Out of a staff of about a dozen, the investing team at cleantech-focused firm 21Ventures has three people writing grants full time to grab pieces of the stimulus package for the 40 or so startups in the firm’s portfolio. It couldn’t be any other way, says David Anthony, founding partner of 21Ventures, as “there’s more money allocated to cleantech in the stimulus package, than there’s probably going to be invested by venture capitalists in North American cleantech startups over the next three years combined.” The only thing that surprises Anthony is that more investors aren’t focusing more aggressively on grant writing.
It’s all part of the alternative strategy that 21Ventures and Anthony have built since the firm’s founding in 2003. Unlike a traditional venture fund, which pools together hundreds of millions of dollars from limited partners and then divvies it up among dozens of startups, 21Ventures has a group of high-net-worth individuals that can invest in specific startups through 21Ventures’ deals. On one hand the risk is higher because investors aren’t diversifying their investments across companies. But on the other hand, 21Ventures investors can make better returns if they happen to pick the startup with the big exit. The members of this group consider themselves pretty tech savvy, and 21Ventures’ model lets them use that expertise to hand-pick investments.
In that respect 21Ventures is kind of like an angel fund, where investors are making individual bets on entrepreneurs. But, as Anthony puts it, angels do all of their own leg work on their investments, whereas at 21Ventures the firm’s partners do most of the homework. At the end of the day, that means those investing in 21Ventures need to have a lot of trust in the firm’s ability to find the diamonds in the rough.
The rough is sometimes where 21Ventures finds itself. “We tend to look at the high risk end of the equation, like universities,” Anthony says rattling off a list of schools that aren’t necessarily known for stellar science programs. “We go where the Kleiners and Sequoias aren’t,” says Anthony. That’s not to say that deals are that hard to find — Anthony says the cleantech industry has had a buyer’s market for the past three years.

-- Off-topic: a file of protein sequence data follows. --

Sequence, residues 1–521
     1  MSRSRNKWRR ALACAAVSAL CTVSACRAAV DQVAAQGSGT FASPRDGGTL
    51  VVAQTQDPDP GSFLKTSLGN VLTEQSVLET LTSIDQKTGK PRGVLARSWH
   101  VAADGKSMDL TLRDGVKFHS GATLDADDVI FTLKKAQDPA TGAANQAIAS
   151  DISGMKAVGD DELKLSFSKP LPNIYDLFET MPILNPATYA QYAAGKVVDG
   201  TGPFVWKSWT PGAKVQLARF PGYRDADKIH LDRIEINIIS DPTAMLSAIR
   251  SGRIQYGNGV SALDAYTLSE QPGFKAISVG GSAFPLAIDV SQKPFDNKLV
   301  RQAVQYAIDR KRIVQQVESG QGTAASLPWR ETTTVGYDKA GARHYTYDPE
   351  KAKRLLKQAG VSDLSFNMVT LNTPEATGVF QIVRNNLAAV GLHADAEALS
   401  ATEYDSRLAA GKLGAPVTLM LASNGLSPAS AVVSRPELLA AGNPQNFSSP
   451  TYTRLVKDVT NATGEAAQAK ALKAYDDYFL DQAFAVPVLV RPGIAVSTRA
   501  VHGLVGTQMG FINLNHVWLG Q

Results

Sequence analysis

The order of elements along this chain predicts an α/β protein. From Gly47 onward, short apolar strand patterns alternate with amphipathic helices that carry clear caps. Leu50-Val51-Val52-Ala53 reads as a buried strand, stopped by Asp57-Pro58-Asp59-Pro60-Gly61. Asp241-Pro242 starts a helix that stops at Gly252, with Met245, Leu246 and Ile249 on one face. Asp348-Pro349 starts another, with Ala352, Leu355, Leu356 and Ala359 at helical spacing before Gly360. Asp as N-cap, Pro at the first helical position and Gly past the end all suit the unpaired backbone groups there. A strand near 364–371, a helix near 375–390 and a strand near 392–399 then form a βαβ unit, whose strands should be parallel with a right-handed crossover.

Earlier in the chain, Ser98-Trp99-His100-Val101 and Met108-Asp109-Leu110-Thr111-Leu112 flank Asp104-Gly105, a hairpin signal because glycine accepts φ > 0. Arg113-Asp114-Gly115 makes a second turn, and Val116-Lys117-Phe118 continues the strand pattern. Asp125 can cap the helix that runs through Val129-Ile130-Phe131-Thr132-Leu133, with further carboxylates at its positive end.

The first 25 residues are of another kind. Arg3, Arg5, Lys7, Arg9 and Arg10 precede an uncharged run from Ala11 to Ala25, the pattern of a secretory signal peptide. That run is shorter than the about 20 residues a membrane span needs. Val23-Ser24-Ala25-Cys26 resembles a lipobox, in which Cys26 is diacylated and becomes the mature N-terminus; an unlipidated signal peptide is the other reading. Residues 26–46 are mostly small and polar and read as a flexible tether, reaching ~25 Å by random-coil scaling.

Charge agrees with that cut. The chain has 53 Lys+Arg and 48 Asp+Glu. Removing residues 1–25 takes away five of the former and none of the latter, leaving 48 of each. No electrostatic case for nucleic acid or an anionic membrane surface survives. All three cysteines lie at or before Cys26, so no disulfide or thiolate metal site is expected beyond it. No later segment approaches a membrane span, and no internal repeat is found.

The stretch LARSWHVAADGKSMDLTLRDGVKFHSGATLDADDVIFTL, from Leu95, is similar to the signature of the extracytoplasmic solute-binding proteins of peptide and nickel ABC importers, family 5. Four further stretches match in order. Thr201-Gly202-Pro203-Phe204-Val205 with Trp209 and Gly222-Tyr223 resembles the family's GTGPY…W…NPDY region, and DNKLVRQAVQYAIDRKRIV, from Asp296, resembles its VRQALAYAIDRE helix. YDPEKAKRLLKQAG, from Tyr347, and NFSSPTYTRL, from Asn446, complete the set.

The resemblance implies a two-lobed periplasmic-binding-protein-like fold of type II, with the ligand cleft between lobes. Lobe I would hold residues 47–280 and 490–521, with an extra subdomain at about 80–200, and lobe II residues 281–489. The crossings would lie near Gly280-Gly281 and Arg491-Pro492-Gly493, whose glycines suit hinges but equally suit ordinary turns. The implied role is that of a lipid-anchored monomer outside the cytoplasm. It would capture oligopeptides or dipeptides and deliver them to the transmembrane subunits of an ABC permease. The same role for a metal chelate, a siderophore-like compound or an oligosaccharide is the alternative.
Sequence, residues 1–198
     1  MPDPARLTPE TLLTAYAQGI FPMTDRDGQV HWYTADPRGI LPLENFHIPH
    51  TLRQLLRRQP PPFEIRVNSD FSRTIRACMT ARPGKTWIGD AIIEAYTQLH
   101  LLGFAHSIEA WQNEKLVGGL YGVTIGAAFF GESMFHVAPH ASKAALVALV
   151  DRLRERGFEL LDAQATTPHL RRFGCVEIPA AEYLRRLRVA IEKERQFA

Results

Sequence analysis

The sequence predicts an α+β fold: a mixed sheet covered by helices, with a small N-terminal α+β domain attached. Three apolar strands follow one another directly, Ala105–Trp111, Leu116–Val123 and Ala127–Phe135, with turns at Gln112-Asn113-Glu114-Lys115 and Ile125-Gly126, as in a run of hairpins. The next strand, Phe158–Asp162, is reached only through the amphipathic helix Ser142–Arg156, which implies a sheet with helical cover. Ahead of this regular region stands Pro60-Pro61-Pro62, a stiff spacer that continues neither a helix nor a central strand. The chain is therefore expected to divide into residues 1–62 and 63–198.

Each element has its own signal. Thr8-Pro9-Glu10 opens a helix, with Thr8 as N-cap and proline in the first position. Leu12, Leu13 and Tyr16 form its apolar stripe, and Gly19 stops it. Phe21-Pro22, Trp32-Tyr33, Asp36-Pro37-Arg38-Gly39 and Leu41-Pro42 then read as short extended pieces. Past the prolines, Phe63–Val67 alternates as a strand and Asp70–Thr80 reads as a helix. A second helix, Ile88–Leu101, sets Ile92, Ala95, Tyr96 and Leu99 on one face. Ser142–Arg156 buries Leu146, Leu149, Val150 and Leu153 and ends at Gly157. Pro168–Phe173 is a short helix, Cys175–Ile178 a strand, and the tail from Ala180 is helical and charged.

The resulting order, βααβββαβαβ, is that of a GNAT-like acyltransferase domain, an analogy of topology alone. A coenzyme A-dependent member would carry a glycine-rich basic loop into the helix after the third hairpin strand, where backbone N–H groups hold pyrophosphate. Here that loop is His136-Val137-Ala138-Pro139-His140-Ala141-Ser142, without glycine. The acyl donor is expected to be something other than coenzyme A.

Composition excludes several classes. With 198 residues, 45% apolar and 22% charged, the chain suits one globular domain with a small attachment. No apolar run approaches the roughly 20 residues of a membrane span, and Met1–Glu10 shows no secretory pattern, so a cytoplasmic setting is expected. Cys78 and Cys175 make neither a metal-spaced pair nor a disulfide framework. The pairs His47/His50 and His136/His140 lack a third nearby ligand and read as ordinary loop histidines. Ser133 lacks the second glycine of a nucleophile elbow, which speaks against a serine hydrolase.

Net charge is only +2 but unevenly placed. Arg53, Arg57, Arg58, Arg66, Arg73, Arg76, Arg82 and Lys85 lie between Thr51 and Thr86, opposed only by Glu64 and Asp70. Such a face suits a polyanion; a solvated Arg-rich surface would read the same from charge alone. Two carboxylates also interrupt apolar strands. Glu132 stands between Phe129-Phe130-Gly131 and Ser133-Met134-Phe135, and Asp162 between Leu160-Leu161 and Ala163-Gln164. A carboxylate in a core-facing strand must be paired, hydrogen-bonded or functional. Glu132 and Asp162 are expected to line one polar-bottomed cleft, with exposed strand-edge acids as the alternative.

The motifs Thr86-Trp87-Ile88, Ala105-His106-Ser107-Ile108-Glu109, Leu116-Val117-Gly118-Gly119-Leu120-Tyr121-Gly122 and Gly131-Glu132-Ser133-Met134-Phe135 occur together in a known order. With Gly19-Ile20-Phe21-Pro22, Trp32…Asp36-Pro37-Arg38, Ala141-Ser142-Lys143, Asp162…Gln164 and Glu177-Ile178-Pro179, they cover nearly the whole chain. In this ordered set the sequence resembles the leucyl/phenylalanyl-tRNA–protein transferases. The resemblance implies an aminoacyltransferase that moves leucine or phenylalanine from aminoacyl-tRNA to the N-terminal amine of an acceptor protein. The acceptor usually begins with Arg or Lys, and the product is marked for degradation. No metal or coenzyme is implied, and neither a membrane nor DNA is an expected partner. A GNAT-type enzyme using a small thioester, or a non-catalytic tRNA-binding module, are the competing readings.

Looking at under-invested areas is one of the keys to 21Ventures’ strategy, says Anthony. Advanced farming techniques is one such area and Anthony said the firm just invested in Aero Farm Systems, a startup which builds “aeroponic farming,” or farms in urban environments that use technology like LEDs to grow crops. Another underinvested area is water, both desalination and wastewater treatment. The last thing Anthony says he wants to see is another thin film solar manufacturing deal.
The strategy seems to have promise. 21Ventures has invested $300 million in 25 companies, and plans to invest another $25 million this year and $40 million next year. One of the biggest validations of 21Ventures’ techniques is the alignment with David Gelbaum’s fund Quercus Trust, which often coinvests in early stage startups alongside 21Ventures, such as for Graphene Energy and Advanced Telemetry. Gelbaum, a famous former trader turned secretive cleantech investor and philanthropist, is a friend with whom Anthony says he feels very lucky to do deals.
Like many investors that have been around awhile, Anthony isn’t bemoaning the recession either: “It’s a good time to invest when there’s blood in the streets.”